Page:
Lori Coleman: Central Valley should unite to increase its clout
Years ago, to reconnect with our maturing children’s musical taste, I purchased a CD by a then-popular band. Before I even had a chance to commit songs to memory, their ever-evolving teenage tastes moved on to the next “latest” group.
Though musically cool in my kids’ eyes just a short time, that CD introduced me to some wisdom-filled lyrics guaranteed to stand the test of time: “Sometimes the hardest thing and the right thing are the same.”
The years moved on and our three children are now full-time college students. In an effort to reconnect again, this time with our community, I welcomed the opportunity to serve as a visiting editor for The Bee and return to my roots in writing. I loved the experience. Editorial meeting topics – ranging from job development and growth to water issues, fracking and community and Valley-wide strategies – were informative and interesting. Our guests, as well as The Bee’s editorial staff and reporters, shared a commonality in their openness, knowledge and passion for advancing our region.
While genuine concerns for positive changes were expressed, what differed were our editorial board guests’ distinct approaches. Some offered visionary plans building upon our area’s economic mainstay, agriculture, while other viewpoints presented ideas limiting it. Rather than promoting individualized agendas though, it would be revitalizing for our city, county and regional leaders to focus on mutually beneficial outcomes. My brief tenure at the Bee made it increasingly evident we would be stronger united than divided, especially given the Valley’s already weak political clout.
It would obviously be difficult to coordinate such a collective dialogue given the influences of politics, power and money. But, “sometimes the hardest thing and the right thing are the same.”
Coleman is a Turlock resident who volunteers with several organizations and enjoys writing.
Richard Haratani: Role is like going to big leagues in civic activity
This ends my three-month stint as a visiting editor at The Bee, and what a fabulous opportunity this program offers! As a school newspaper reporter/editor in junior college days, this was going from Triple-A ball to the big leagues. I equate it to a graduate course in media and civics that anyone can apply to attend. Being part of the workings of a well-run daily is a rare experience without equal, and I would especially encourage local professors to offer credit to college students to participate.
I’ve learned Modesto faces myriad challenges that are also great opportunities. A recurring theme in this first quarter was the general apathy historically permeating this city by residents and businesses alike. The great qualities of this area are blanketed by perceptions of ongoing crime, grime and general malaise.
Take heart and take part. There are groups working hard to bring out positive results, and public support and participation are always needed. Love Modesto and Earth Day approach and cleaning up parks, creekbeds and rivers would be a great beginning to a lifelong commitment to reduce litter, respect nature and guard our irreplaceable resources.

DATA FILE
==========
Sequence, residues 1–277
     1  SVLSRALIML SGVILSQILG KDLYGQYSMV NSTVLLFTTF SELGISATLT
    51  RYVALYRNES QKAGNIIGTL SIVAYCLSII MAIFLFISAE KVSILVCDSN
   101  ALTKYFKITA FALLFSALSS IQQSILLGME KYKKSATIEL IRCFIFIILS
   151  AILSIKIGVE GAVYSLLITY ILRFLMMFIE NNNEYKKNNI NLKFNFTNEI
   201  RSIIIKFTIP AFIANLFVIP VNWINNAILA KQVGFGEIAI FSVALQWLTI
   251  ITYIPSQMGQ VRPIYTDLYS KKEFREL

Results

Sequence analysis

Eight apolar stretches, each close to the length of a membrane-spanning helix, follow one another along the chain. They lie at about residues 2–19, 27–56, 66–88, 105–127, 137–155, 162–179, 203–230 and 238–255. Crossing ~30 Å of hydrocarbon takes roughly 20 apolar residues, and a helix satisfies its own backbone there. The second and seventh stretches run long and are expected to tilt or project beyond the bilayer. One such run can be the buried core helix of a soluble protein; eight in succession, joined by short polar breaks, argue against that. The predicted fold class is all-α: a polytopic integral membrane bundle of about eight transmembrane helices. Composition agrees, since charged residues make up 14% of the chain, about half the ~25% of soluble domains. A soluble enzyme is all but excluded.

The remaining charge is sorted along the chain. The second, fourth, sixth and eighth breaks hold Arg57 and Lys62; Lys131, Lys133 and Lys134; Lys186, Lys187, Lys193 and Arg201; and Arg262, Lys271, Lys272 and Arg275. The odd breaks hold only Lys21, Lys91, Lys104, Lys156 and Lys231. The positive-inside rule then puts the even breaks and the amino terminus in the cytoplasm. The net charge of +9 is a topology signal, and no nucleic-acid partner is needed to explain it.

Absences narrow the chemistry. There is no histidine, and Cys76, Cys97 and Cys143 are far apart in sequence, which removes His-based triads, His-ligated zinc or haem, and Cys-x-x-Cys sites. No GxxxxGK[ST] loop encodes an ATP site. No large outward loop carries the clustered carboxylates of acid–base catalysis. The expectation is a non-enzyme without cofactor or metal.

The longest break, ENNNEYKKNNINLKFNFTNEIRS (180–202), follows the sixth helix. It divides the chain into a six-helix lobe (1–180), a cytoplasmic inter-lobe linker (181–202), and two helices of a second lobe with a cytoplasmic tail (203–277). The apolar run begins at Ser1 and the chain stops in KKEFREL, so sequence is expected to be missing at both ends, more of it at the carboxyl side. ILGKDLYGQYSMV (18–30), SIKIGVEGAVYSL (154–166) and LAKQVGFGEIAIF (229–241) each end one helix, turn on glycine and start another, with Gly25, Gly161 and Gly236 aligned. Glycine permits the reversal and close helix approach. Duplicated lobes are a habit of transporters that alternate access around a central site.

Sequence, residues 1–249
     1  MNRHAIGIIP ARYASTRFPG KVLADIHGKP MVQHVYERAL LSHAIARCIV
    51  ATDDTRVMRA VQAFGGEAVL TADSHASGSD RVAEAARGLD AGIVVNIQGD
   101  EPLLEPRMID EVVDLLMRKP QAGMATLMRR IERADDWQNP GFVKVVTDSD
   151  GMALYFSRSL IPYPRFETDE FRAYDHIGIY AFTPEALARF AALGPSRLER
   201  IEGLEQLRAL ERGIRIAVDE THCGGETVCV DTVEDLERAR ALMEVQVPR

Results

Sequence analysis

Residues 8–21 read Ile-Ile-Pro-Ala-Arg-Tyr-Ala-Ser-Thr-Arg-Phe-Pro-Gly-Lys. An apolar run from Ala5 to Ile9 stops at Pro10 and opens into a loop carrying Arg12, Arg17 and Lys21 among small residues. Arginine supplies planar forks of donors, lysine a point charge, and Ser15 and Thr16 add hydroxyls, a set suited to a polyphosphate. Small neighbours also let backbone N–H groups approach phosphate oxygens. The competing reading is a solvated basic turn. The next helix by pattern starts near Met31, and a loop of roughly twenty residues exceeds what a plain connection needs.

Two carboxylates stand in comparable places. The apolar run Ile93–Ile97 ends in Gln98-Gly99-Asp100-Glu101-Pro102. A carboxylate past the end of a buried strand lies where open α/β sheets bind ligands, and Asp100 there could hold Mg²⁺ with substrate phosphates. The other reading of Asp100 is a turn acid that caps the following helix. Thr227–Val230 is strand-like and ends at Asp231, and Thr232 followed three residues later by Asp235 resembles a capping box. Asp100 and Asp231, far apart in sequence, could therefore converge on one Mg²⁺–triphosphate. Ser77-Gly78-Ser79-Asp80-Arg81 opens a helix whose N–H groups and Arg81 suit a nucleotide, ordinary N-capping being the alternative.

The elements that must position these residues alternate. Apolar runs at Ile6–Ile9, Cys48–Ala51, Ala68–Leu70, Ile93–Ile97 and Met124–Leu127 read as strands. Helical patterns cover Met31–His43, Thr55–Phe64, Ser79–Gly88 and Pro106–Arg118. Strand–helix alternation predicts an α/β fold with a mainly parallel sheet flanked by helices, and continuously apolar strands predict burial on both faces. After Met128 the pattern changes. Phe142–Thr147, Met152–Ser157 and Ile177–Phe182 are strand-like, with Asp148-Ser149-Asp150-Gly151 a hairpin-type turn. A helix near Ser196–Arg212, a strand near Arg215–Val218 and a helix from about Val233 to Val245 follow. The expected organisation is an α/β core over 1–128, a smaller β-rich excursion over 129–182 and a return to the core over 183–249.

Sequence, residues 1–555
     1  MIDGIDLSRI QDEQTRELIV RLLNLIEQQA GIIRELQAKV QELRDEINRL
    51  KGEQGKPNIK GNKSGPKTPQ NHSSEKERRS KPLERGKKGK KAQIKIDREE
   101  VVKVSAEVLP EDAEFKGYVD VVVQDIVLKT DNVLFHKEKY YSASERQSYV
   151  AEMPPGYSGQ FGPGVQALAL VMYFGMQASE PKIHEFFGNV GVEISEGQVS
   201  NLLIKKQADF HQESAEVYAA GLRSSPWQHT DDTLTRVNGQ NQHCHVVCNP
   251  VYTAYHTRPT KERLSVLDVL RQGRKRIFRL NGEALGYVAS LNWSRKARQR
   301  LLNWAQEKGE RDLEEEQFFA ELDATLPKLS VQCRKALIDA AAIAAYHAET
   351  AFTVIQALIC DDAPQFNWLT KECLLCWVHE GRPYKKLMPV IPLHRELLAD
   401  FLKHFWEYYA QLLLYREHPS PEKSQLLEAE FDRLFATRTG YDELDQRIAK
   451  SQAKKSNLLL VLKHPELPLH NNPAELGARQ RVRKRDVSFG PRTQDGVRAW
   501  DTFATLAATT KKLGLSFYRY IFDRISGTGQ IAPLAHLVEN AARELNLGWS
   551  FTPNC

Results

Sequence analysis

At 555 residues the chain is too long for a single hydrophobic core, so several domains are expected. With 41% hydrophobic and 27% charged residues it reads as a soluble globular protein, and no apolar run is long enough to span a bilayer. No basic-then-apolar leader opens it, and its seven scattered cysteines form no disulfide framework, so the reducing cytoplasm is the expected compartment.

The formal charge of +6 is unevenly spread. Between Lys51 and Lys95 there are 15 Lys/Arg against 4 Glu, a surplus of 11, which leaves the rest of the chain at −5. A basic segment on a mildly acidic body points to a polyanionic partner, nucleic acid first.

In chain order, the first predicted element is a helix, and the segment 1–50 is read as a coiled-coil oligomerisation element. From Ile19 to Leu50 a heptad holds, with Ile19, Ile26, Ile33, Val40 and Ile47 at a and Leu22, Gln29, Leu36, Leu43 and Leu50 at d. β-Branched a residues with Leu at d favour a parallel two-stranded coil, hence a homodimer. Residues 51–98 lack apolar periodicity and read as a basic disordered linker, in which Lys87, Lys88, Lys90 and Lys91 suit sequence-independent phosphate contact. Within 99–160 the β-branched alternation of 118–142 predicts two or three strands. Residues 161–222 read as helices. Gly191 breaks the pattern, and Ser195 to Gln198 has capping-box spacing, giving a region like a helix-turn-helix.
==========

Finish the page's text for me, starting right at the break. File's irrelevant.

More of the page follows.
Of all the topics covered in these past meetings, the one that stands out is health. It really is the one that encompasses all the others. Where are we if we lose our health? Air, water and land issues all converge there, and it should guide all other discussions. Depleting, squandering or poisoning our elemental needs makes a poor environment to celebrate economic gains in. Volunteer!
Haratani is a playwright and author working on a one-person biographical play on Manjiro Nakahama entitled “The Accidental Occidental.”
Mike Noordewier: To frack or not to frack in the Central Valley, is that the question?
The biggest threat to California’s clean air, water and our health is a subject few of us are talking about. If you would have asked me a year ago if we should allow hydraulic fracturing of the Monterey Shale to achieve energy independence I would have said, “frack, baby, frack.” It seemed like a no-brainer.
Now, as much as I believe we need to develop as many domestic energy sources as we can to achieve a state of independence, I question the wisdom of even attempting to frack the Monterey shale deposit found here in the Central Valley.
I am not sure if I buy into many of the arguments against fracking, such as groundwater contamination, massive leaks or rail cars exploding in our back yard (though these are very real concerns). But there is one undisputable fact: If we frack we will destroy our air quality.
I had hoped there was a way to cleanly frack, but environmentalists have assured me it just isn’t possible. It is probably true, though oil companies, I am sure, would say differently. Here is the scary part – once the oil companies are allowed in, there is almost nothing that can be done at a local level to oversee them. Everything is regulated on a federal level and I use the term “regulated” very loosely. I have much more to say about this (particularly about the chemicals they use), but what must be done immediately before the oil companies are allowed in is to organize all the counties in the Valley to work in conjunction in setting standards prior to drilling and to get a statewide severance tax in place to help preserve our wonderful state.
Noordewier lives in Oakdale and is CEO of United Sign Systems.